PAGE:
The excavation crew at Pottery Mound during the 1961 season.

The pyramid itself, technically called a 'platform mound', was constructed of puddled adobe and trash fill. As Hibben suggests, it must have dominated the expansive landscape, although it once rose only about 13 feet above the plain. Its sloping sides were originally coated with a smooth caliche surface. The mound was built on two levels with the upper one covering about 215 square feet.

Surprisingly, three pueblos, each three or four stories high, had been constructed at different times -- one above the other -- on top of the pyramid, with additional buildings extending down the sides and around the base. Perhaps these were added at a later stage. Also unearthed were four plazas, as well as 16 rectangular kivas (subterranean prayer-chambers) that were roughly 30 by 30-some feet in size, plus one round kiva 22 feet in diameter.

Typical kiva at Pottery Mound. The access was via a ladder through an overhead hatchway. Colorful murals (described below) covered all four walls. The sipapu (hole in the floor) is conceptualized as a portal to the underworld.

The flat-topped structure was similar to those found in Mexico, especially at the major settlement of Paquimé (also called Casas Grandes) in Chihuahua. It may even have had an affinity to the larger stone pyramids farther south, for which the Toltec, Maya, and Zapotec are renowned. A sunken edifice that looks like a ball court located just south of the mound also points to Mesoamerican influences.

The most spectacular feature of Pottery Mound, however, is neither the pyramid nor the pottery. Instead we find the walls of every kiva covered with lavishly painted murals depicting a variety of social and spiritual motifs.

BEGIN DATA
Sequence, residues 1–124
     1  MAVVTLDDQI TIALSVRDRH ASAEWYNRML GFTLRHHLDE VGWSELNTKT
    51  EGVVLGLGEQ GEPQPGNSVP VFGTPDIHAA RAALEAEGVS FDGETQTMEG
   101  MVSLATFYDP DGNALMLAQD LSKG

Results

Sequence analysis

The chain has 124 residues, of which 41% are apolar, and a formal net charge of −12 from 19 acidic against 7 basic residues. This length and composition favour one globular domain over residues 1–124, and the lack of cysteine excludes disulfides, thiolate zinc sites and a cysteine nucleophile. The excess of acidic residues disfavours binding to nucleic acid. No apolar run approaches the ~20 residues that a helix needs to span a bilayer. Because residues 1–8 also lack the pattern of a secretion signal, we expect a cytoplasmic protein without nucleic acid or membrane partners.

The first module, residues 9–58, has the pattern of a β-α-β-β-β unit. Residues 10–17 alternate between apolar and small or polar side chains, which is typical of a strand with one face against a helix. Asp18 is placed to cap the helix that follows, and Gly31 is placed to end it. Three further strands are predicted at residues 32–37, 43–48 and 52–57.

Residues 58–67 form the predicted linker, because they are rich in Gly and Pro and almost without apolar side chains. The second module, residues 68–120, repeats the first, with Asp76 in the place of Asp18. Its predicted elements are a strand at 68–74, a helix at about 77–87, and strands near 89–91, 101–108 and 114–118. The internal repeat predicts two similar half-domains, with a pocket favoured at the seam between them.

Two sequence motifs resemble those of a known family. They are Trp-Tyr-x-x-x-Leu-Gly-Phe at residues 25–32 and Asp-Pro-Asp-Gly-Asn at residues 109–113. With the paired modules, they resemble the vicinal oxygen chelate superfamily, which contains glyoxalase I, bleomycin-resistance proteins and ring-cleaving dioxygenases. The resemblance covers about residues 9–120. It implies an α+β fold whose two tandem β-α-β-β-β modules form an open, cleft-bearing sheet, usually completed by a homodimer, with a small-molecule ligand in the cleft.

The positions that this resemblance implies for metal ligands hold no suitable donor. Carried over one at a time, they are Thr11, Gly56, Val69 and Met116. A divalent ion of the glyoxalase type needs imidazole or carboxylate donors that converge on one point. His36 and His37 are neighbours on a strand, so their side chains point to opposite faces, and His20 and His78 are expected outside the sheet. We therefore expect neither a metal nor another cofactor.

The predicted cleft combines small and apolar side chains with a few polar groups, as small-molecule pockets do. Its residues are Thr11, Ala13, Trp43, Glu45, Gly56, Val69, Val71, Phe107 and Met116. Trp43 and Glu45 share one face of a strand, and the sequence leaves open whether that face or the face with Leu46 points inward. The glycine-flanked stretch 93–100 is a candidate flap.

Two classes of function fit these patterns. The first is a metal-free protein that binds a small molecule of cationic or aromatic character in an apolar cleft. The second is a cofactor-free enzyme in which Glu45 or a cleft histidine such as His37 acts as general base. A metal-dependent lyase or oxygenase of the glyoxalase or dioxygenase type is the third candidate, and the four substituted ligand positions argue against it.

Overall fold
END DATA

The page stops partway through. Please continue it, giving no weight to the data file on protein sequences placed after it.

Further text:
Rock art expert Polly Schaafsma defers in this case to the subtler visual medium by stating that these murals were essentially the "apex of Pueblo art":

"The mural art consists of bold, dynamic design layouts adapted to the entire wall surface. Border and framing lines are often used to break up the wall surface, or the whole wall may be treated as a single, unbounded, integrated composition. Subject matter consists of ceremonial and ritual themes into which elaborately attired humans, animals, birds, and abstract designs are incorporated. Shields, feathers, baskets, pots, jewelry, textiles, miscellaneous ceremonial items, food, and plants are also pictured. While this is a highly meaningful art, full of graphic portrayals and symbolic content, it is, at the same time, very decorative. Colors are highly varied and sensitively juxtaposed. Areas of flat solid color contrast with those broken into intricate patterns or bold designs." [2]

One of the most striking aspects of murals is the variety of brilliant colors: eight shades of red, three of yellow, two of green, two of blue, as well as purple, lavender, maroon, orange, pink, salmon, white, gray, and outlines of black. From three to 38 layers of plaster, each one providing a visual space for the paintings, were found on the kiva walls. Thus, the total prehistoric murals numbered about 800!

Some murals seem to have been plastered, painted, and then re-plastered after just a couple days when their ritual purpose had been fulfilled. This practice is similar to the destruction of Navajo sand paintings or Tibetan mandalas at the conclusion of certain sacred ceremonies.